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tips on painting your engine

Updated: Oct 28, 2021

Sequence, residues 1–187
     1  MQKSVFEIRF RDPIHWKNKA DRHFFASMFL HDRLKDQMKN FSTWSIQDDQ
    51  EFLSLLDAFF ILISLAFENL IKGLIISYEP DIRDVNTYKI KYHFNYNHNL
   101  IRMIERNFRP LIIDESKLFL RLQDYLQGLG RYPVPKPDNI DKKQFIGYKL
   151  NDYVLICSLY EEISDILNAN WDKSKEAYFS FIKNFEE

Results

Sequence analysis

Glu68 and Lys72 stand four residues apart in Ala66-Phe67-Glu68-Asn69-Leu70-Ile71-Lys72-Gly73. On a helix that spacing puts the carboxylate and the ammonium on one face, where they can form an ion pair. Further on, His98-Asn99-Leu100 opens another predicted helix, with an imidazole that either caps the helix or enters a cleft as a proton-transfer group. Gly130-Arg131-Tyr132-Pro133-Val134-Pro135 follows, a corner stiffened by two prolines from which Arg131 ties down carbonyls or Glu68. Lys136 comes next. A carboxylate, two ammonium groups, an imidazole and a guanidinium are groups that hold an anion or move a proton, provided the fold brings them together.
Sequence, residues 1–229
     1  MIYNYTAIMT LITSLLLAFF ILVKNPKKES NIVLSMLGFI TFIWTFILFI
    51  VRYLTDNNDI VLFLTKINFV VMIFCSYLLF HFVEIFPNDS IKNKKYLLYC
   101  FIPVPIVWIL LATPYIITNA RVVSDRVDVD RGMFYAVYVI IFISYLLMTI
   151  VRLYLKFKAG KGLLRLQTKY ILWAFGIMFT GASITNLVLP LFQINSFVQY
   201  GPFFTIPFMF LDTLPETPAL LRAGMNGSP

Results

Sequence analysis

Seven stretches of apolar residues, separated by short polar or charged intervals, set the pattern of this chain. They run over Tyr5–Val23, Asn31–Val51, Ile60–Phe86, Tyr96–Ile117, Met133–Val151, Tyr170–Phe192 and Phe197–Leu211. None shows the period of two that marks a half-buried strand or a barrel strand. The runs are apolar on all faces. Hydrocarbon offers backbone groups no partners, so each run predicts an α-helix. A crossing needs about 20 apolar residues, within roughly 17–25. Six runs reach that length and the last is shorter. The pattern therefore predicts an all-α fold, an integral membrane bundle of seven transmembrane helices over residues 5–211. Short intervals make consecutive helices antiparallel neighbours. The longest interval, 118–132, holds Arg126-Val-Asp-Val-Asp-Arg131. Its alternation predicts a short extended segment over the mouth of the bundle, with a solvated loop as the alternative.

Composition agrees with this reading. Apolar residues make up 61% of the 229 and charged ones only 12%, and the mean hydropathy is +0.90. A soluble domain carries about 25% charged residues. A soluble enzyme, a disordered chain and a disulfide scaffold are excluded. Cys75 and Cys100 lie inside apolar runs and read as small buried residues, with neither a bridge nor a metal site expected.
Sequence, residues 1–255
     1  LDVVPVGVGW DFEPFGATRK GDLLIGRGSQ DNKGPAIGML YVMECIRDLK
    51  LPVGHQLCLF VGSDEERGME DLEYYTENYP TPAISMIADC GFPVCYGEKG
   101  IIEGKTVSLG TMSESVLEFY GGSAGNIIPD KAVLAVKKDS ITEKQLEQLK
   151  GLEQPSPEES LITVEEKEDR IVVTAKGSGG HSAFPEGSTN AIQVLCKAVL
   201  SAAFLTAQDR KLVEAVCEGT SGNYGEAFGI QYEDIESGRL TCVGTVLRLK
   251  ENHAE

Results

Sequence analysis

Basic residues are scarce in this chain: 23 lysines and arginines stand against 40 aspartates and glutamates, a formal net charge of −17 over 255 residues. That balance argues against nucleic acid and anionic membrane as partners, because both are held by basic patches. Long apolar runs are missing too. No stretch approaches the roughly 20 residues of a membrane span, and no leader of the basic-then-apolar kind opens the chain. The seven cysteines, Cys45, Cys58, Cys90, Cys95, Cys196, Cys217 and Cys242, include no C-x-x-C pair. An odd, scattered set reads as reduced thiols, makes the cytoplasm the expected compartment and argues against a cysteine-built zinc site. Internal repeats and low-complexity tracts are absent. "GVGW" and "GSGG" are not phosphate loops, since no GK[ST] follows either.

as far as painting engines and ending up with a long lasting attractive finish, based on my years of experience and over 200 nailheads i've painted (ive lost count.) , heres my take on it: theres pro's and con's to using different types of paints. so far, the best product ive used, is eastwoods catalyzed ceramic engine paints that are good for 600 degrees, and have excellent chemical resistance. (cannot be purchased in CA) the "buick green" is not available in their colors (buick red is). for that i use "bill hirsch." any paint you use that is catalyzed, is going to have superior chemical resistance over anything that doesnt... but general auto body paint, is typically only rated for a generous 350 degrees. the hood of your car gets that hot out in the sun and it holds up to it great, but thats not comparable to the abuse that engine paints get, as it intermittently gets hot and then cold again, in a very short period of time, over and over and over again, while being exposed to harsh chemicals from time to time. rattle can engine paints tend to bake on and fade as they age (and have piss poor chemical resistance). rattle can engine paint quality has drastically gotten worse over the last decade, as well. auto body paints tend to cook and peel as they age when they are exposed to excessive intermittent heat. clear coats "yellow." even though your coolant temp, obviously isnt getting over 300 degrees, the area around your exhaust manifold ports and heat risor passage on your intake (if un blocked) do. for best results, hot tank everything. cleaning an entire engine yourself at home does not pencil out after you factor in the time and cost of solvent and other materials. even after tanking, the cast iron is still a porous sponge that's soaked full of oil. eastwood paints and bill hirsch i shoot over bare metal. doesnt make sense to use a high rated temp paint, if the primer used, isnt. if you do decide on general auto body paint, the trick is to keep the layers thin. 2k primer or etching primer, as thin as possible and emediately shoot your single stage or base/clear before primer cures. you arnt going to give the primer a good tooth after it dries, otherwise unless you've polished your whole block, prior. dont use cheap auto body paints for this, and avoid anything exotic like candies and heavy flakes. none of those will look attractive a year later. keep it simple. my take on glyptal paint on the inside of engines: i don't believe in doing that. too much risk involved in which paint can fail, creating contamination. i know reputable builders that swear by it, but i personally don't see any "pros." the inside or your engine isnt going to rust anyway once its coated with oil. yes, it seals the pores, yes the oil will return to the pan slightly faster.... but ive never found that to be necassary. in my opinion, that product was just intended on use with poor casted industrial equipment. below is a random collage of engines i've painted various ways with various products

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